There are many actions involved in critical thinking. The main ones, as they apply to the Learning Challenge, are as follows:

  1. Recognising problems
  2. Gathering and marshalling relevant information
  3. Interpreting information to check for biases and assumptions
  4. Recognising conflicting ideas
  5. Appraising evidence and evaluating statements
  6. Finding workable means for creating clarity
  7. Creating then testing reasoned conclusions and generalisations
  8. Agreeing terms with accuracy, clarity and discrimination
  9. Rendering accurate judgements
  10. Applying judgements in other contexts

Figure 9: Critical Thinking in the Learning Pit

Questions You Could Ask to Encourage Critical Thinking

At the end of the last module, I echoed my colleague Martin Renton’s point about ‘questioning’ being more important than ‘questions’. It is your intention – and the process you use – that are likely to have more influence on outcomes than the individual questions you ask. So, for example, using phrases such as ‘Interesting…’ or ‘Go on!’ to encourage further thought may well be more effective than classic questions such as, ‘What are some of the assumptions we are making here?’, particularly if you have an intention to deepen the inquiry in the first situation but not in the second.

If, however, we take for granted that your intentions are to deepen the inquiry and the process you are using is investigative and exploratory, then the following questions should encourage an emphasis on critical thinking.

1. How do we know this?

Thinking about the trustworthiness of sources is a classic first step in critical thinking. For example, are your students recalling information that is reliable and verifiable or is it hearsay, fake news or prejudice?

2. What's another way to look at this?

Looking at ideas and issues from multiple vantage points is often thought of as important ways to develop empathy. The strategy can also help to build critical thinking by showing that conclusions are often a matter of perspective.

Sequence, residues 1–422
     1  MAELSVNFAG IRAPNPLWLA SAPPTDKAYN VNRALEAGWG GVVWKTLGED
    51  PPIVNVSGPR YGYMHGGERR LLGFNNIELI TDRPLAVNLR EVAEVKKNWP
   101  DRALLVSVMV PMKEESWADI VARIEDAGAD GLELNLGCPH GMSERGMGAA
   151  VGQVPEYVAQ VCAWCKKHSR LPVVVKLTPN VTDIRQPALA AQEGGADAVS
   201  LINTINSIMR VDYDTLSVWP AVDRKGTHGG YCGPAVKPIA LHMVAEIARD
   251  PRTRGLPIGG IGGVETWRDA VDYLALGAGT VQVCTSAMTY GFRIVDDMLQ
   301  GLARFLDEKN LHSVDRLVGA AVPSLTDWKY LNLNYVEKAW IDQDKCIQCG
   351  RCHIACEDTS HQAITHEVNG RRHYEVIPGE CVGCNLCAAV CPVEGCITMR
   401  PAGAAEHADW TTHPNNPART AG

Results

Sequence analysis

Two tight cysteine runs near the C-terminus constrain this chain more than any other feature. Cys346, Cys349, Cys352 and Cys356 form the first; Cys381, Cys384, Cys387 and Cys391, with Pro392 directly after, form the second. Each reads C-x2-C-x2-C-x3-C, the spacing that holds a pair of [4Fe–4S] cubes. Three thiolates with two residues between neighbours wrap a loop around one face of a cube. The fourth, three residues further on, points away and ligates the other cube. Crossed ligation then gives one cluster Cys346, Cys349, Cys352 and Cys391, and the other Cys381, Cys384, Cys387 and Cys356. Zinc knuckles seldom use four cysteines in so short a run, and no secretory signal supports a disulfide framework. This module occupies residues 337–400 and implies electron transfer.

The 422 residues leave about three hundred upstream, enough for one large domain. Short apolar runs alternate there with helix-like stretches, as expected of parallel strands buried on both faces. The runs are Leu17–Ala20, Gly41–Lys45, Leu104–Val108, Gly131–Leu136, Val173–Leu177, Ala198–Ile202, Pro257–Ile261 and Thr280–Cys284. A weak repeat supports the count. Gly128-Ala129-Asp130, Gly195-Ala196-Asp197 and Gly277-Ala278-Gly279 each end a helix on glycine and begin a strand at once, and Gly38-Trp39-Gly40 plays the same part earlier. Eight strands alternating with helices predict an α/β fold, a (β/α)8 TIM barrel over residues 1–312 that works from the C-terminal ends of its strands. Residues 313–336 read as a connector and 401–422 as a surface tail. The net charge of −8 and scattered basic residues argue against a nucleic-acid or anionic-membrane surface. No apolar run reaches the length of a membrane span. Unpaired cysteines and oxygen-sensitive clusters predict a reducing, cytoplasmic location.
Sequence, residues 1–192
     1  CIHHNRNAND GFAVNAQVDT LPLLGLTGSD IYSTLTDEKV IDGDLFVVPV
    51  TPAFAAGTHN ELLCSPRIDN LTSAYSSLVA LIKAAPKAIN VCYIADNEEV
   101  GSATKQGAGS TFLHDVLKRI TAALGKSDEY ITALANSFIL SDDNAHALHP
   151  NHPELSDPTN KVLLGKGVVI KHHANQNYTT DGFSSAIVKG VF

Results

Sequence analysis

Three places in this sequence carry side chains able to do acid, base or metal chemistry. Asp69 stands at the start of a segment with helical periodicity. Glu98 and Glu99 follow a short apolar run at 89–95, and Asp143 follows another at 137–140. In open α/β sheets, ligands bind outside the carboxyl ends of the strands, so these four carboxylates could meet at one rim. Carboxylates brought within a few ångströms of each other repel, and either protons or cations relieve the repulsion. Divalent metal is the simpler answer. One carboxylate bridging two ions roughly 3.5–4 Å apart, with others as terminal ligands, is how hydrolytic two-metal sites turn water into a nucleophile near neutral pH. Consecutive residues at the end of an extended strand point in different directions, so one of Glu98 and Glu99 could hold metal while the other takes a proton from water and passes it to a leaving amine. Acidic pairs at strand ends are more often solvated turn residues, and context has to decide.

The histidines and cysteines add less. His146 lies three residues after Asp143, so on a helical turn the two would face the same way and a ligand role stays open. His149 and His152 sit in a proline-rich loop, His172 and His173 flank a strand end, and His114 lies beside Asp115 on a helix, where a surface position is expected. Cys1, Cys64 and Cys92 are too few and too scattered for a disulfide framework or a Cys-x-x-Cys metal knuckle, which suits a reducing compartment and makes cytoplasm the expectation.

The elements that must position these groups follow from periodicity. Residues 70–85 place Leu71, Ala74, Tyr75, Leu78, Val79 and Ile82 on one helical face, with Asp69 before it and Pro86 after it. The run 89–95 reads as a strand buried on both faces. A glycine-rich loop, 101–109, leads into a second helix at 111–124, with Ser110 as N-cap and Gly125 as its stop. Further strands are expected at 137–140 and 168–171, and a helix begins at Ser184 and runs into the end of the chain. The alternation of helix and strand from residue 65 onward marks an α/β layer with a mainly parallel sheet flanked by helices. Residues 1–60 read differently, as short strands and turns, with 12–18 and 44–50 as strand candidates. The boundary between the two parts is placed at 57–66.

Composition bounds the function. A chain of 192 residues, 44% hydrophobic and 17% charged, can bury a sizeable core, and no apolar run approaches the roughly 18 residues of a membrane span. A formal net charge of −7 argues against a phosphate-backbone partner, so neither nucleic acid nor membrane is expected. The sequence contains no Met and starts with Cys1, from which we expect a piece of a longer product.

3. Why is this important? (Or why does it matter?)

Tone of voice is always important, and even more so with this example! Asking the question in the right way should encourage your students to think about implications, relevance, connections and context – all of which are important in a critical thinking context.

4. Can you give an example? (Or counterexample?)

Creating an example – or drawing on an experience by way of example – is an excellent way to illustrate a point, add meaning, and/or clarify key points.

5. What is the problem?

Reputedly, Einstein said that if he had just one hour to solve a problem, he would, ‘Spend 30 minutes analysing the problem, 20 minutes planning the solution, and 10 minutes executing the solution,’ and Abraham Lincoln said, ‘Give me six hours to chop down a tree and I will spend the first four hours sharpening the axe.’ Whether or not these are direct quotes is disputed but nonetheless, the sentiments are clear – spending time analysing a problem before engaging in solutions is time well-spent. Indeed, this is perhaps the strongest feature of critical thinking: to inquire into the basis, provocation and/or implication of an assertion rather than to respond with an agreement or disagreement.

Critical Thinking Outcomes

Learning Outcome Highlight

Construct coherent lines of reasoning collaboratively as well as individually

Learning Outcome Highlight

Construct coherent lines of reasoning collaboratively as well as individually

As with most aspects of education, outcomes matter more than the inputs. Teaching is important, but our students’ learning matters more. We expect our teaching to lead to learning, but we know it doesn’t always – certainly not for all students all of the time. Which is why we should pay particular attention to the learning outcomes. That’s why this Academy includes descriptions of expected outcomes as well as an invitation to regularly check on the progress your students are making.

As for the outcomes of critical thinking, this is what I would expect my students to do more and more:

  1. Raise vital questions and problems, formulating them clearly and precisely
  2. Gather and assess relevant information, using abstract ideas to interpret effectively
  3. Arrive at well-reasoned conclusions and solutions, testing them against relevant criteria and standards
  4. Think open-mindedly within alternative systems of thought, recognising and assessing, as need be, their assumptions, implications, and practical consequences
  5. Communicate effectively with others in figuring out solutions to complex problems.